In contrast to 3.5, Dorico 4 now uses GPU power and significantly less CPU on my system. Bravo!
Certain parts of the user interface will be using the GPU, yes, the parts that are using a new framework, but more remains to be done in future versions in this direction.
For me the energy usage is nearly 3x as much as Dorico 3.5 though during playback…
GPU acceleration is good thing, we want more of this. It offloads the CPU for audio tasks, and gives better score performance. I’ll guess the smooth scrolling and such is GPU now.
Now if one could only find a reasonably priced GPU card for an upgrade.
Don’t even talk to me about that! I had to buy a handful of 3080’s and a 3090, I don’t want to be reminded.
I would appreciate a clarification on this. My understanding was Dorico 4 does not use any GPU. On Windows 10, I’m not seeing any indication GPU is involved in any way. And I also do not notice any difference in power consumption vs 3.5. Am I doing something wrong?
Your not doing anything wrong, don’t worry about it.
FWIW all applications are using GPU obviously, but if it goes through the OS API it gets buried in the Window Manager process. To make it into the GPU Engine heading like you see there, you need to have an application typically that uses more heavyweight API’s, basically DirectX or CUDA (or the AMD equivalent).
Anyhow it doesn’t matter one whit, it’s just some internal code for Qt that are doing this probably, don’t need to think about it …
The prerequisite is, of course, your GPU hardware and software is also supported by Dorico’s framework.
That should be irrelevant. I’ll eat my hat if Dorico is using CUDA, and OpenGL is mostly abandoned (there’s Vulcan but it won’t be using that either). It does support DirectX and Metal, but the point of those OS layer API’s is precisely to hide the underlying hardware and software drivers. So if you can use your GPU with your OS then you are good. This is all in 100% absence of knowing the code of course but I’d place a bet. And as I said it really doesn’t matter …
Here’s an example using a smaller project on my system with two open windows in Dorico:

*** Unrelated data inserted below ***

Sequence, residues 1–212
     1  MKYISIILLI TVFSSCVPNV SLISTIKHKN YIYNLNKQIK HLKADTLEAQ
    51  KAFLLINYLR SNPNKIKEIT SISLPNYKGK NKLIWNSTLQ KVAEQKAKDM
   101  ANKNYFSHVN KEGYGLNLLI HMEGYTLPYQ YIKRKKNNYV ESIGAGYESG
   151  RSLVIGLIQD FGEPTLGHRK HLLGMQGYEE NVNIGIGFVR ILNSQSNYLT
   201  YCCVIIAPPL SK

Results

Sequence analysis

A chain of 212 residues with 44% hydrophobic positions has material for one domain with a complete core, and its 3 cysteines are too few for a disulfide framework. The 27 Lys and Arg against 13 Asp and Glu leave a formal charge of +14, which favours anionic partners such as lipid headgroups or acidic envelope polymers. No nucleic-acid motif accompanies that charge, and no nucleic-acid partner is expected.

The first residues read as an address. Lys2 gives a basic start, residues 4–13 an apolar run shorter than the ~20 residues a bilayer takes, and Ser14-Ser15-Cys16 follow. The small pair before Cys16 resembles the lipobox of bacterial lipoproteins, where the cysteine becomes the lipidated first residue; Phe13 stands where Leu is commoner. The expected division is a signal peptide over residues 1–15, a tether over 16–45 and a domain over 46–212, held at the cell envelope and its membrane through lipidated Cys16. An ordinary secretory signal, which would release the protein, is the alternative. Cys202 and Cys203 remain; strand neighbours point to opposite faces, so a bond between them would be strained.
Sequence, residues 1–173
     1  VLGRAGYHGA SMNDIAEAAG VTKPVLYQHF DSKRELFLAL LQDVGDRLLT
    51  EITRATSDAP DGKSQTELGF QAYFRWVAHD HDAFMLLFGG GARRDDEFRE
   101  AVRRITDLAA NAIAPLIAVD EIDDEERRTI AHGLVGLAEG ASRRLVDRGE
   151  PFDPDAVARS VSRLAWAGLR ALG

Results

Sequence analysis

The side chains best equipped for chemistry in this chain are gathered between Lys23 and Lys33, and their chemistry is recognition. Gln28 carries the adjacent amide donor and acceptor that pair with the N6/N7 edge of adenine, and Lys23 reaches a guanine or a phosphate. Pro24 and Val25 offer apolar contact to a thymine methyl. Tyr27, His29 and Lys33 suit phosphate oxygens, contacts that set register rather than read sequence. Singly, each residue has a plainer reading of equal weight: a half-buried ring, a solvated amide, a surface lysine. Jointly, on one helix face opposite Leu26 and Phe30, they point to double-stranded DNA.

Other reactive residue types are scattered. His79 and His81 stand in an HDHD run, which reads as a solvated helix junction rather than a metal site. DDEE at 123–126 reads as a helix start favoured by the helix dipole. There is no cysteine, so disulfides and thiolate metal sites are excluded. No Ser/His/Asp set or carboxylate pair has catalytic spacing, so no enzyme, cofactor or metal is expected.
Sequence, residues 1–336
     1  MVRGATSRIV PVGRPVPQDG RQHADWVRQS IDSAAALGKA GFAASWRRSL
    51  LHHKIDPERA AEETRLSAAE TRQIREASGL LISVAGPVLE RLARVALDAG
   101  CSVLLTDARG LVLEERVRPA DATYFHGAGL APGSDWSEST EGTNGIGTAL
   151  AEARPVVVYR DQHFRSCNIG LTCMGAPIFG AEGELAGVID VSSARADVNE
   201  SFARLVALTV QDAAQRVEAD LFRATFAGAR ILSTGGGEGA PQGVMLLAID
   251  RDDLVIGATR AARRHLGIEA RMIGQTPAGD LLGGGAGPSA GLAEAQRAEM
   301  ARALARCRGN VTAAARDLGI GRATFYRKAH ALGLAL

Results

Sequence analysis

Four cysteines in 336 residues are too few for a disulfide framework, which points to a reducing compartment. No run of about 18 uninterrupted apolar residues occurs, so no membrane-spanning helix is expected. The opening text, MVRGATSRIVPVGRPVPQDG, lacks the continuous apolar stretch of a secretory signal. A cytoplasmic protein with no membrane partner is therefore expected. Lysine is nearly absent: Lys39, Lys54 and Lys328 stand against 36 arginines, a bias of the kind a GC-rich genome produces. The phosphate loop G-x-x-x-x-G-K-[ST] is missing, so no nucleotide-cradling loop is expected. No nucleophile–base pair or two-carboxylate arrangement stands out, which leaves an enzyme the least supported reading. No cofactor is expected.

The Windows 10 task manager shows me
under Dorico 3.5 CPU 40% GPU 0%
under Dorico 4.0 CPU 22% GPU 18%
Would you mind posting a screenshot? I’d really love to understand what’s happening here with 4.0, because I am using a very large project and 3.5 is extremely slow switching between modes… Thanks!
Did you activate the use of GPU in your System-settings?
My graphics card is NVIDIA GeForce GTX 1060 6GB
Not sure if this is helpful or not, but here’s what I get while playing back the Rite of Spring file that @Stephen_Taylor so generously uploaded.
This is great, thank you both! I’ll be checking my system later today. Much appreciated.
I’m a new Dorico user, and I like it quite a lot. For example, I love how responsive and fluid the Play mode is, so I assume this is one of the parts that are GPU-accelerated. What I like less is the visual performance of the Write mode, especially compared to the Play mode. On my machine (MacBook Pro 15" 2015) it provides a much less fluid experience, especially when scrolling. (100% CPU usage when scrolling.)
What can I do to improve the “visual” performance in the Write mode? One thing that I did was to run Dorico in the low resolution mode. This helps quite a lot, but, well, it makes run Dorico in low resolution. It seems that using the Gallery View also helps.
Is there anything known about the Write mode becoming GPU-accelerated? If so, is there a rough timeline that you could share with us?
One might presume that the GPU is used for recalculating the display each time one adds or moves an element. But moving hairpin ends in Engrave mode is glacially slow on my machine. And this is odd, because it used to be that moving notes up and down was slow at the end of the flow, with four or so tabs open; but now (in the same score) with Full Score and 11 part tabs opened, it is not so slow.
I am mystified.
In due course we will complete the transition from the older, imperative-based user interface framework that Dorico uses to the newer, declarative-based one that can take advantage of hardware acceleration. However, this will only improve the speed of scrolling, panning and zooming when moving around the score in Write mode: it will not improve the speed of editing, which is the limiting factor when it comes to actually working with the score.
It is a significant project to switch completely to this newer framework, a project that will take a number of years to complete, and there won’t be any further significant changes in this area in the Dorico 4.x cycle. We don’t yet have any concrete plans for Dorico 5 and beyond, but that would be the earliest possible point at which further significant changes in this area could be made.